WHO publishes a number of technical journals, the most important of which is the WHO Bulletin, and maintains a media and public relations unit. Every year, World Health Day is observed on April 7, the day, in 1948, when WHO came into being. Each World Health Day is devoted to a particular theme, and material is made available for member states to commemorate the day with a program focus.
Noteworthy, but less publicized, activities of WHO include its worldwide efforts in mental health, oral health, food safety (including the FAO/WHO Codex Alimentarius Commission), health in the work place, elder care, chemical safety, veterinary health, cancer, cardiovascular diseases, and health and the environment. Its essential drug program has had a major impact on the rational use of medicines in developing countries.
WHO maintains a network of collaborating centers, which engage in work in various specific fields. It also maintains a working relationship with a large number of nongovernmental organizations involved in health and development. These organizations are accredited and approved by the World Health Assembly.
YEAR 2020 GOALS
The World Health Assembly has adopted the following set of new goals to be reached by, or before, 2020:
- By 2005, health equity indices will be used within and between countries as a basis for promoting and monitoring equity in health.
- By 2010, transmission of Chagas' disease will be interrupted, and leprosy will be eliminated.
- By 2020, maternal mortality rates will be halved; the worldwide burden of disease will be substantially decreased by reversing the current trends of incidence and disability caused by tuberculosis, malaria, HIV/AIDS, tobacco-related diseases, and violence; measles will be eradicated; and lymphatic filariasis eliminated.
- By 2020, all countries will have made major progress in making available safe drinking water, adequate sanitation, food and shelter in sufficient quantity and
- quality; all countries will have introduced and be actively managing monitoring strategies that strengthen health-enhancing lifestyles and weaken health-damaging ones, through a combination of regulatory, economic, educational, organization-based, and community-based programs.
- By 2005, member states will have operational mechanisms for developing, implementing, and monitoring policies that are consistent with the HFA policy.
- By 2010, appropriate global and national health information, surveillance, and alert systems will be operational; research policies and institutional mechanisms will be operational at global, regional, and country levels; and all people will have access throughout their lives to comprehensive, essential, quality health care, supported by essential public health functions.
WHO has also launched a series of initiatives, including programs to roll back malaria, stop the spread of tuberculosis, fight the AIDS pandemic, and curtail tobacco use. A breakthrough in the drastic reduction of the cost of AIDS treatment drugs is likely to impact the AIDS fight. Negotiation for a tobacco-control convention may lead to greater success for WHO's Tobacco-Free Initiative. With additional resources from private foundations, WHO, in partnership with the World Bank and UNICEF, has launched an ambitious Global Alliance for Vaccines and Immunization (GAVI). Malnutrition, which accounts for nearly half of the 10.5 million deaths each year among preschool children, will continue to be a priority item in the years to come.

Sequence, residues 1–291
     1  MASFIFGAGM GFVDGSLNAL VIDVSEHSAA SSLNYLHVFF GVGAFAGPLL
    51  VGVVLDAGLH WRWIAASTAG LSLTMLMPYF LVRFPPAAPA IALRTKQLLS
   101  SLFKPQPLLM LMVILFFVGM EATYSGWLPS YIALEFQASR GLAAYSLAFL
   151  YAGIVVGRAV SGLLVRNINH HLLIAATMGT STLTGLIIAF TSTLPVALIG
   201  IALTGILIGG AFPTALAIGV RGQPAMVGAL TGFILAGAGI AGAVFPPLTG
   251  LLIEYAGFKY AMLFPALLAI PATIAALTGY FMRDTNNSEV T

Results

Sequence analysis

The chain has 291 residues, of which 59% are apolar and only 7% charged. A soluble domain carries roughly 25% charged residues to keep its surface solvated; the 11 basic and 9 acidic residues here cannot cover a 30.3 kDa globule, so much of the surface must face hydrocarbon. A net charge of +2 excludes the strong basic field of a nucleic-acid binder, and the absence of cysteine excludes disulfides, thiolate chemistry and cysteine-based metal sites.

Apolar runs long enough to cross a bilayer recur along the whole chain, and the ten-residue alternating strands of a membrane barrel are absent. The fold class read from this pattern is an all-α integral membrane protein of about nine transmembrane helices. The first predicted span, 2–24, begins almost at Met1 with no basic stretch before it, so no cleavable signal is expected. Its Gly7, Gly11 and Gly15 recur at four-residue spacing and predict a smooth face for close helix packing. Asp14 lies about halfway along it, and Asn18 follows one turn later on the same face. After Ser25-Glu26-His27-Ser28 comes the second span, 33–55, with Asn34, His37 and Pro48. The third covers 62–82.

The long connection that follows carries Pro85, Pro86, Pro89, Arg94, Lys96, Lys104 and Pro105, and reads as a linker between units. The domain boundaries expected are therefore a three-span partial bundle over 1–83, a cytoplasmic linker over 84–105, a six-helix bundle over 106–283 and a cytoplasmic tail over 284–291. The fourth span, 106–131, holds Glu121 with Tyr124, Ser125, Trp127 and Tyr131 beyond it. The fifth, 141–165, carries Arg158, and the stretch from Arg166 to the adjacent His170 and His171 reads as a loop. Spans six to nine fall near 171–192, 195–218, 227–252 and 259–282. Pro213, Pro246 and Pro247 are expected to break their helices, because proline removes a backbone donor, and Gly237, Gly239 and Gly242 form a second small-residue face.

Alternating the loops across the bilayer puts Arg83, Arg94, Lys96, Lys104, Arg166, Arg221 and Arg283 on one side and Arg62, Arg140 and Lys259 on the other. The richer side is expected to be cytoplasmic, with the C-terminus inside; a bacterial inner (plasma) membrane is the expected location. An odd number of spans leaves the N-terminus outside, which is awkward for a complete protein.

WHO has also undergone a number of reorganizations, the latest resulting in nine clusters, each covering a number of programs.
In addition to the two clusters on management and governing bodies, the program clusters are: communicable diseases, noncommunicable diseases, sustainable development and health environments, family and community health, evidence and information for policy, health technology and pharmaceuticals, and social change and mental health.
There have been a total of five directors general. Dr. Brock Chisholm, a psychiatrist from Canada, was the first. He was succeeded by Dr. Marcolino Candau of Brazil, who ran the organization for twenty years. Dr. Halfdan Mahler, a tuberculosis specialist from Denmark, took the helm after Candau. Mahler oriented the organization towards development, launched the PHC movement, and confronted the infant formula and pharmaceutical industries on health grounds. After fifteen years, he was succeeded by Dr. Hiroshi Nakajima of Japan, who ran the organization for ten years. The current director general is Dr. Gro Harlem Brundtland, a physician from Norway and a former prime minister of that country. Brundtland has placed considerable emphasis on advocacy at the political level.
JACK CHIEH-SHENG LING
(SEE ALSO: Alma-Ata Declaration; Barefoot Doctors; Blood-Borne Diseases; Communicable Disease Control; Famine; Global Burden of Disease; Health Promotion and Education; HIV/AIDS; Immunizations; Infant Mortality Rate; International Health; Iodine; Maternal and Child Health; Poverty; Sanitation in Developing Countries; Smallpox; Thyroid Disorders; Tropical Infectious Diseases; UNICEF; Waterborne Diseases; World Bank)
Table Of Contents
- WORLD HEALTH ORGANIZATION
- RESPONSIBILITIES AND FUNCTIONS
- ACCOMPLISHMENTS AND CHALLENGES
- THE EARLY YEARS OF WHO
- HFA AND PHC
- ERADICATION OF SMALLPOX
- GLOBAL STRATEGY FOR HFA
- CSDR, BAMAKO, AND ARI
- THE HIV/AIDS PANDEMIC
- YEAR 2000 GOALS
- HEALTH PROMOTION AND OTHER ACTIVITIES
- YEAR 2020 GOALS
- DIRECTORS GENERAL